climate change equality food

The nexus of hunger and climate change

A couple of weeks ago I wrote about how levels of hunger have stopped falling and started rising again. Climate change is one of the major reasons for the reversal in progress, and a report this week reinforces that point.

The Climate and Food Vulnerability Index has been developed by Christian Aid, and it is described in their new report Hunger Strike. The index ranks countries by their vulnerability to food insecurity, and compares it to per capita CO2 emissions. The result is a stark indicator of the injustice of climate change.

The country that comes at the top of the rankings for food insecurity is Burundi, the most vulnerable out of the 113 countries studied. Where does it come on per capita emissions? Dead last, in 113th place. The country where people have the smallest carbon footprints, and are therefore the least responsible for global climate change, is the most vulnerable to hunger and malnutrition.

The rest of the top five is DR Congo, Madagascar, Yemen, and Sierra Leone. The average carbon footprints of these countries is minuscule by global standards – for Burundi it is 0.027 tonnes per person per year. Compare that to the United States. The average US citizen has a footprint of 15.74 tonnes.

One American has the same climate impact as 581 people from Burundi.

Under the current Republican administration, the official policy of the United States is one of climate denial. Since Syria joined the party late, the United States is in a minority of one in refusing to participate in the Paris Agreement. It will not be immune to climate chaos, but it scores very low on The Climate and Food Vulnerability Index. It’s one of the least vulnerable countries to food insecurity, alongside the UK, Ireland and Singapore. Ignoring the climate crisis is a luxury – others will pay the price of its inaction.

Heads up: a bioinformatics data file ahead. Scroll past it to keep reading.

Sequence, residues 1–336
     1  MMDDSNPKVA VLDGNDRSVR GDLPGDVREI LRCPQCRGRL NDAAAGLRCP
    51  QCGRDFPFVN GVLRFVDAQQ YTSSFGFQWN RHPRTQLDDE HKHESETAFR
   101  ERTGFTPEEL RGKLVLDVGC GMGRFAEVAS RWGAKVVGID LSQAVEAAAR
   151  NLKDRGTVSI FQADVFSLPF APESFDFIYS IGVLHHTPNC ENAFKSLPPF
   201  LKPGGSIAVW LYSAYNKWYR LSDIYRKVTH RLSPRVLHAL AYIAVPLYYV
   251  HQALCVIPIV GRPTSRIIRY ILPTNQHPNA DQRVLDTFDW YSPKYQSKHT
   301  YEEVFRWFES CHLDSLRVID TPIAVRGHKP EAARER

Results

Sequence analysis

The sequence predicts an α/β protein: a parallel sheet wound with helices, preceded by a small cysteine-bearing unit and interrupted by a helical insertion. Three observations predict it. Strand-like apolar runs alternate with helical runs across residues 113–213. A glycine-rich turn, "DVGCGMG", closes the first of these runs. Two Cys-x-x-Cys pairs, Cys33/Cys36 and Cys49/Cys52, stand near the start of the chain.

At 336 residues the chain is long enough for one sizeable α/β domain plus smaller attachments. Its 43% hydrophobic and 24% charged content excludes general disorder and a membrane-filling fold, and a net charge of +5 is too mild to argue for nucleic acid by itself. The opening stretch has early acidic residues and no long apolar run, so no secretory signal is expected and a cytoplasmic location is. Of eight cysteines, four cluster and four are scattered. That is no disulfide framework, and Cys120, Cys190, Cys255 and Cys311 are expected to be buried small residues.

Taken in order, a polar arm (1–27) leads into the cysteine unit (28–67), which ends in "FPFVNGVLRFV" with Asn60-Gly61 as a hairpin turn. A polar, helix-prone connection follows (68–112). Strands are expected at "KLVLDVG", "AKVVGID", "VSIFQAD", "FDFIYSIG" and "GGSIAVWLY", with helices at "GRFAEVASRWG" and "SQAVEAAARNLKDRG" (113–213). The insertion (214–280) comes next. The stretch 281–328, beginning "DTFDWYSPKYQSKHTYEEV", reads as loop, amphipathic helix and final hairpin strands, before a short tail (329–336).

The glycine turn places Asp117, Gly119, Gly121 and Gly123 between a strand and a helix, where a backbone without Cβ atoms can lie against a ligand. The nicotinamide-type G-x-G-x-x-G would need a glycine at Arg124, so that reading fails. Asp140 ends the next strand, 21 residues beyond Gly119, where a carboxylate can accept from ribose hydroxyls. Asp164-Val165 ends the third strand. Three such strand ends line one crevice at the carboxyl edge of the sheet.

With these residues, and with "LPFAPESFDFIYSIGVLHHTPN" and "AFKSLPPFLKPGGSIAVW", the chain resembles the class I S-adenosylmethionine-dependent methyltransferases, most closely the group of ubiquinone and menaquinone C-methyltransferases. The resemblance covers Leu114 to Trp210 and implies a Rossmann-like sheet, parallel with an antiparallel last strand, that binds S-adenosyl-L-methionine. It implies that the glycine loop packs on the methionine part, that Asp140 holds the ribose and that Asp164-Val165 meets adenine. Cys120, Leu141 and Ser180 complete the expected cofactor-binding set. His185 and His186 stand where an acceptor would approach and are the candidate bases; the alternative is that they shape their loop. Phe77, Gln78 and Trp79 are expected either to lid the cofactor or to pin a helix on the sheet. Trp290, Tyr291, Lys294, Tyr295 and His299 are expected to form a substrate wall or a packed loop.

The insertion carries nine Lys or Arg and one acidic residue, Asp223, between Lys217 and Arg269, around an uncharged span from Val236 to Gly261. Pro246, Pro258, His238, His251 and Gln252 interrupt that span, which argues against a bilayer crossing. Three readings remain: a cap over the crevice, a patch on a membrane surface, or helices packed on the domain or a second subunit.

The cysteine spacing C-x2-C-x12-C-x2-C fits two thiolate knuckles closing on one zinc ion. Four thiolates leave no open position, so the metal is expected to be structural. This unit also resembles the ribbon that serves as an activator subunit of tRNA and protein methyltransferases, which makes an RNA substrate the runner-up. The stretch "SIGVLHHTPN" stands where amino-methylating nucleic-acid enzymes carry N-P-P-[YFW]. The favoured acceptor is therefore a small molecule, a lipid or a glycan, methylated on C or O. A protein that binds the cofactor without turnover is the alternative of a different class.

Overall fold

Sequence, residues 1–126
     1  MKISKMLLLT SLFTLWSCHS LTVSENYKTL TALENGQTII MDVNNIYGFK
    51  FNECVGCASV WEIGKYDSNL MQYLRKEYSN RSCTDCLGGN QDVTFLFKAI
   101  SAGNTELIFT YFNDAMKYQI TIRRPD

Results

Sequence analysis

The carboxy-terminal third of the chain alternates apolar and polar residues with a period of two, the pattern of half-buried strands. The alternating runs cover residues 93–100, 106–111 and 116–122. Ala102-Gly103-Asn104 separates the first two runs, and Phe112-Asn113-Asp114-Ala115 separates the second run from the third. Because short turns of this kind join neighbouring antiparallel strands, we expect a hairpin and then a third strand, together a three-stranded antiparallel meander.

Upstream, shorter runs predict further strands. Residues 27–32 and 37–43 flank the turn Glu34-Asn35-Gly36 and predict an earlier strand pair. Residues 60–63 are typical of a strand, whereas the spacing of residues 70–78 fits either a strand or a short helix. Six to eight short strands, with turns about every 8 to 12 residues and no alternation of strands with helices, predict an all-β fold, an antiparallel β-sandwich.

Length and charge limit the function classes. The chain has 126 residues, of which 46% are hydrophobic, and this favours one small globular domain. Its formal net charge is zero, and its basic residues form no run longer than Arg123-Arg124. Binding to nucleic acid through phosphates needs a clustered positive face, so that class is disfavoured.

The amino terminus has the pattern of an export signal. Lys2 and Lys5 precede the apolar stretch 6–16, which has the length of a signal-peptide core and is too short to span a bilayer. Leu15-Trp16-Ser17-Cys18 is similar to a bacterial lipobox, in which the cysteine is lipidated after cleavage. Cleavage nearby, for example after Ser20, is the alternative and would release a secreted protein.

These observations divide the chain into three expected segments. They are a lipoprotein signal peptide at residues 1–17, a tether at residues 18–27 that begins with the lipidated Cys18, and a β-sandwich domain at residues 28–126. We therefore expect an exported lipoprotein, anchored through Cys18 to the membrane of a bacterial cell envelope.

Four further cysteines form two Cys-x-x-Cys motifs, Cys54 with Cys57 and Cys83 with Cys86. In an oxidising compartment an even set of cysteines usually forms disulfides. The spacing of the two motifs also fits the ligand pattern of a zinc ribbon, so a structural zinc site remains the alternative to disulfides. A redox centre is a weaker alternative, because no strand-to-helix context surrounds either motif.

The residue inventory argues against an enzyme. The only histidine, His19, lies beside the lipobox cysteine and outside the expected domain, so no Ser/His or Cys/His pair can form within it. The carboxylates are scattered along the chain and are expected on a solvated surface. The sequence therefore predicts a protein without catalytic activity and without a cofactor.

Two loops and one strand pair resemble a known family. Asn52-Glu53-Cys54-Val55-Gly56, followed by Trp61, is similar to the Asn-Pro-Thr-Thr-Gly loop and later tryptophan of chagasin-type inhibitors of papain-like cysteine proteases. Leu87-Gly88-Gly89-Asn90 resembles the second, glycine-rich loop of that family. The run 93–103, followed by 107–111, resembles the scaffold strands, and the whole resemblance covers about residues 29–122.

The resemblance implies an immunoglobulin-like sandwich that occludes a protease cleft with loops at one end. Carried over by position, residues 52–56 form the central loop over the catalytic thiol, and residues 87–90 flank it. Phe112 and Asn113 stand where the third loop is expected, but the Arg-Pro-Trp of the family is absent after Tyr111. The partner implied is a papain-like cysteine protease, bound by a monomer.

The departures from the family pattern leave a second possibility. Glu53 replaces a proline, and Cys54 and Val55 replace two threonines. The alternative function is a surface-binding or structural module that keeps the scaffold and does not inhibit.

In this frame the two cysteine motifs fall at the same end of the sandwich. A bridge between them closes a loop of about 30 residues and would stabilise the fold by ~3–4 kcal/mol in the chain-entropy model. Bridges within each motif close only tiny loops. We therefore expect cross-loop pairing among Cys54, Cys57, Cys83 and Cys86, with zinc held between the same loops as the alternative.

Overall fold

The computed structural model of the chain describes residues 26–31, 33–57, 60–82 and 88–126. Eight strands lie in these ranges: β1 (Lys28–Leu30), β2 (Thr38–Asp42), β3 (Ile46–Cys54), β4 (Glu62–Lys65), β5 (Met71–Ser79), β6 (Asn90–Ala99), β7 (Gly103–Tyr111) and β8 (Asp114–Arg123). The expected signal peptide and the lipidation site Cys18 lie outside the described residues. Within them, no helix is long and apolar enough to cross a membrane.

It’s not something highlighted by Christian Aid, but I want to point out another feature of the Index. Of the ten most vulnerable countries, 9 out of 10 are majority black nations, mostly in Sub-Saharan Africa. The exception is war-torn Yemen. With the exception of Singapore, the top ten least vulnerable are all majority white.

So however uncomfortable it makes us feel, we need to stop thinking of the climate crisis as an environmental issue. It’s also a vast global injustice with a stark racial angle.

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